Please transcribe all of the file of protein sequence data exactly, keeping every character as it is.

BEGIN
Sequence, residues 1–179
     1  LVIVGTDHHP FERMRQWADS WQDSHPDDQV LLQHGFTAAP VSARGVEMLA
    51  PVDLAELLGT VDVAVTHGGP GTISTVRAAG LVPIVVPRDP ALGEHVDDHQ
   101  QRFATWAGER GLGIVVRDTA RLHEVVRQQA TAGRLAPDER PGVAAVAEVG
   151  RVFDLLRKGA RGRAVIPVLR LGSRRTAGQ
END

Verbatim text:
Sequence, residues 1–179
     1  LVIVGTDHHP FERMRQWADS WQDSHPDDQV LLQHGFTAAP VSARGVEMLA
    51  PVDLAELLGT VDVAVTHGGP GTISTVRAAG LVPIVVPRDP ALGEHVDDHQ
   101  QRFATWAGER GLGIVVRDTA RLHEVVRQQA TAGRLAPDER PGVAAVAEVG
   151  RVFDLLRKGA RGRAVIPVLR LGSRRTAGQ